“What does one wish for when one has everything?” sniggered the now-departed octogenarian, who was banned from football for eight years (later reduced to six) in December 2015. “I have no material wishes. I don’t need another Porsche or holiday home, a yacht or a villa.”
4. Irreplaceable Jens replaced
Never backwards in coming forward, especially when talking about his rival Manuel Almunia having never won a single important game, German stopper Jens Lehmann once boasted that mentally he was the strongest player at Arsenal.
"I know that I have an advantage at Arsenal and that I can keep it. I don't see any young supermen keeping me out," Lehmann said in 2007, while sitting on the bench.
Eight months later, the 37-year-old was being handed a token farewell appearance against Everton, having started only four Premier League games since his outburst. The man he was replaced by? That'd be the 23-year-old Lukas Fabianski. So much for that, then.
3. Let's not repeat the parade
Before the 1978 World Cup, Scotland manager Ally MacLeod bragged that his team would come back “with at least a medal”. When asked what he planned to do after the World Cup was over, he simply replied: “Retain it.”
Warming to the spirit of over-confidence, ‘Noddy’ persuaded the authorities to open up Hampden Park so that the national team could do a lap of honour on an open-top bus before they went.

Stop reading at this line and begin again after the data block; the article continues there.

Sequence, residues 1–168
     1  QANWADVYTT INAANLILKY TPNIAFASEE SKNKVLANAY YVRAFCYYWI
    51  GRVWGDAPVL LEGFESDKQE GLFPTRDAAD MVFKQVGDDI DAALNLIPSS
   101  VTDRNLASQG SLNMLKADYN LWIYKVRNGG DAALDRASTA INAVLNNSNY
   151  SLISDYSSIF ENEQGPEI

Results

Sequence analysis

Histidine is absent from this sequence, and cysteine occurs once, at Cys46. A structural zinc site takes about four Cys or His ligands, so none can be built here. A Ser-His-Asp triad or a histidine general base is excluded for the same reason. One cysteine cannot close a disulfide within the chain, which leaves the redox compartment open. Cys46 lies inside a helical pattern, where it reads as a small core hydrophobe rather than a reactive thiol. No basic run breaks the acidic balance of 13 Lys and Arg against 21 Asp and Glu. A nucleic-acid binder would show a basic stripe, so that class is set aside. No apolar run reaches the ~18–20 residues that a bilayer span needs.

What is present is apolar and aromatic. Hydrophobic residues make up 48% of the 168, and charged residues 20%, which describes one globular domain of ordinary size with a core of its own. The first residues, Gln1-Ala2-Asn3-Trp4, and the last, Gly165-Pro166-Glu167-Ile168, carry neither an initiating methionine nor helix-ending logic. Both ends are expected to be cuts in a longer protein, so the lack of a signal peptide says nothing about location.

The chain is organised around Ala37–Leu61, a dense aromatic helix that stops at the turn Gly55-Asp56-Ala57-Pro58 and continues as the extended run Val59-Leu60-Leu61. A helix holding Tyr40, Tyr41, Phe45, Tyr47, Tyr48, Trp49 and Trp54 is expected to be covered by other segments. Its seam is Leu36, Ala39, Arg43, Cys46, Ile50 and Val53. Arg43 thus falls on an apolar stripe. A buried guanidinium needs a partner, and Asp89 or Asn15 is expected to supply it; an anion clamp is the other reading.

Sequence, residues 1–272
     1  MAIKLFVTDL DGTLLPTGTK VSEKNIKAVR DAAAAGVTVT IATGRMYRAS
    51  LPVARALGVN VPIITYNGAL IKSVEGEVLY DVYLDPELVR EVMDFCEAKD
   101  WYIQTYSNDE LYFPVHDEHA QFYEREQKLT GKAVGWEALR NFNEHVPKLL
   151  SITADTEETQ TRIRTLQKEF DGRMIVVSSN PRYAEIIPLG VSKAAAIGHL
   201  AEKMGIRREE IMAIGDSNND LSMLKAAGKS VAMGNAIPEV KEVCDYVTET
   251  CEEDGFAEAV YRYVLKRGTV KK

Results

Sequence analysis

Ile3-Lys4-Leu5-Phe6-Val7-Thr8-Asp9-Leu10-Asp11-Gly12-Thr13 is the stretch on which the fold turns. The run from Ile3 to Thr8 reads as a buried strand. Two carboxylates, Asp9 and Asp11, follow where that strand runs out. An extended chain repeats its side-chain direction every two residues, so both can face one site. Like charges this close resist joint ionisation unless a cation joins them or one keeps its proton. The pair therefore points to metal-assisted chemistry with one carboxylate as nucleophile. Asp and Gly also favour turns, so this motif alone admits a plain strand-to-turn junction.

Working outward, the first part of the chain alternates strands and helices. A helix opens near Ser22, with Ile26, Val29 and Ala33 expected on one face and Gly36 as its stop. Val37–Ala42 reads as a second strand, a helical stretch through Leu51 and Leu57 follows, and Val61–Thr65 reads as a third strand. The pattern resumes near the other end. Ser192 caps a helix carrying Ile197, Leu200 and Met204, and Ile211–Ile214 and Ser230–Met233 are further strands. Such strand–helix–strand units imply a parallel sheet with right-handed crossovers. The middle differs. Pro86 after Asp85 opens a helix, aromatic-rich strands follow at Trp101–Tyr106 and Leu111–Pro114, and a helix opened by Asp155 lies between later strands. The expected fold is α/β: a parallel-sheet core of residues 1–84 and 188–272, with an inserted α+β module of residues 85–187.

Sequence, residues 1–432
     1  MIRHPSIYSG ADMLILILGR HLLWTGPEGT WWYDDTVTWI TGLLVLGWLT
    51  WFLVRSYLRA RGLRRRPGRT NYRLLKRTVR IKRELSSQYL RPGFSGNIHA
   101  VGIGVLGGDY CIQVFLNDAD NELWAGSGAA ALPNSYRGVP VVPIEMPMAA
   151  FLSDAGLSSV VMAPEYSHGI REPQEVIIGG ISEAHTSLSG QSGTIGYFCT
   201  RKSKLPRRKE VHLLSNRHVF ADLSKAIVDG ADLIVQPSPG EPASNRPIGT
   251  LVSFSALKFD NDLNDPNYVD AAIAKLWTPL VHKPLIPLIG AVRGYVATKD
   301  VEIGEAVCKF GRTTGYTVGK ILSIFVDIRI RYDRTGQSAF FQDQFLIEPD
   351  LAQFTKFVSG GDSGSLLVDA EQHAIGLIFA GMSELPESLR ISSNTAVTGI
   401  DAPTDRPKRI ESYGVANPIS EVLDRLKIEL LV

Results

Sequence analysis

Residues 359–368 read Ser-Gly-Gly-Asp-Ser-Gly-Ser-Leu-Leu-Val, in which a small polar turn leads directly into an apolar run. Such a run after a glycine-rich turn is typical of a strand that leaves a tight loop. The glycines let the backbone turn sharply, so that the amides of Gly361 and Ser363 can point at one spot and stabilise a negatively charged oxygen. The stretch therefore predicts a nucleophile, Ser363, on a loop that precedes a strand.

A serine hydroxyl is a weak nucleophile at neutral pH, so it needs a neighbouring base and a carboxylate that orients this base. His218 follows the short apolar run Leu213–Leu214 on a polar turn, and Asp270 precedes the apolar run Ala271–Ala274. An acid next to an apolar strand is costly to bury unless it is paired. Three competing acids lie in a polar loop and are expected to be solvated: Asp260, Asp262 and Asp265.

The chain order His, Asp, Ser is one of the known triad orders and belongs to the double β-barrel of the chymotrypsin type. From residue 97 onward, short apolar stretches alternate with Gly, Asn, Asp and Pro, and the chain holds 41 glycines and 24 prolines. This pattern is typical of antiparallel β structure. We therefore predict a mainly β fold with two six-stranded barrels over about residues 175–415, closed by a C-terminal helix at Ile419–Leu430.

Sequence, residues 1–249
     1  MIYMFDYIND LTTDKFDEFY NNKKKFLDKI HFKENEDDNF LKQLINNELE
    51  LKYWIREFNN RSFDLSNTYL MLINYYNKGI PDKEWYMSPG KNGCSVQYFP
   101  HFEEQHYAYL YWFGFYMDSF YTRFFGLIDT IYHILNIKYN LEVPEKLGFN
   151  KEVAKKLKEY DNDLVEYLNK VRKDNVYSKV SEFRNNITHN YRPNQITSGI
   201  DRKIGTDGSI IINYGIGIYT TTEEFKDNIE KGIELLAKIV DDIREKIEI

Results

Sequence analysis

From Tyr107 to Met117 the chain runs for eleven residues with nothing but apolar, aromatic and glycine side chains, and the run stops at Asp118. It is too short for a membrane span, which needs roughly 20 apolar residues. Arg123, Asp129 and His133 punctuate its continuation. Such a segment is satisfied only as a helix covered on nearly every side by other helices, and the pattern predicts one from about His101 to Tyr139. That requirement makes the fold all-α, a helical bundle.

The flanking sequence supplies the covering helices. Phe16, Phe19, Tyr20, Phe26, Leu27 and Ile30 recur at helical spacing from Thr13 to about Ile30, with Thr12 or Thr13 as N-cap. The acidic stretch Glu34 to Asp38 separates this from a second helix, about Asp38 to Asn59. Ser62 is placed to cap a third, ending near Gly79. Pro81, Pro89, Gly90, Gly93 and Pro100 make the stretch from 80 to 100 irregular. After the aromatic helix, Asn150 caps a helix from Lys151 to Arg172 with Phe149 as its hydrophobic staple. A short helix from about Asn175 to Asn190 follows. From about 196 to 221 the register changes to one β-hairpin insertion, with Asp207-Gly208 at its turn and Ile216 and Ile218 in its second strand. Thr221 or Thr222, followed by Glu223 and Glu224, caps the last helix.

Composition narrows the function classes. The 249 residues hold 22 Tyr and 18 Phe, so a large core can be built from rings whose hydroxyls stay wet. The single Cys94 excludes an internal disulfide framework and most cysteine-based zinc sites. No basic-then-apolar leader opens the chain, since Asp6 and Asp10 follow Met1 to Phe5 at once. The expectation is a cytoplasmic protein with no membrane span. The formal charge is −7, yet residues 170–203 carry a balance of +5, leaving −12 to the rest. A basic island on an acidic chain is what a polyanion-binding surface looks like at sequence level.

But when they finally got to Argentina, the Scots lost to Peru and drew with debutants Iran, which left them needing to beat the Netherlands by three clear goals. When Archie Gemmill made it 3-1 with over 20 minutes to go, Ally’s Tartan army went barmy. Three minutes later the deficit was cut, though, and Scotland went home sorry.
2. Brown talks one down (apparently)
Showboating Hull manager Phil Brown was ticked off by chairman Adam Pearson after boasting about “sweet-talking” a woman out of jumping off the Humber Bridge in 2009 while on a walk with his squad.
A spokesperson for the bridge board confirmed they had heard nothing of the incident. In fact, the only recorded event of note was a scrap between Nicky Barmby and Jimmy Bullard in front of members of the Women’s Institute.
According to The Guardian's Louise Taylor, Brown had fallen out with so many first-teamers by this point that people joked about the need for a "naughty step" at the training ground. He hung onto his job until March 2010, at which point he was put on gardening leave, and Hull were relegated under stand-in boss Iain Dowie.
1. Bendtner brings down the house
One can never say that Nicklas Bendtner is short on self-confidence – there's just a time when the proclamations get a bit silly. In April 2010, the former Arsenal forward bragged: “If you ask me if I am the one of the best strikers in the world, I would reply yes.”
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He also predicted he could win the Golden Boot at the World Cup, but ended up scoring once in South Africa as Denmark failed to progress from their group.
The striker was eventually shown the door at Arsenal in 2014, and although expressing a preference for Barcelona and Real Madrid as next destinations, he rocked up at Wolfsburg instead. But the trouble followed him – Bendtner was fined for turning up in a Mercedes at the Volkswagen-owned club, and labelled “a menace" by sporting director Klaus Allofs. In the end they simply told him not to bother coming in.
Now at Nottingham Forest, the not-so-great Dane admitted recently: “I don’t regret saying I want to be the best in the world… but I was young and I might have said it too early. Yeah, it’s haunted me.”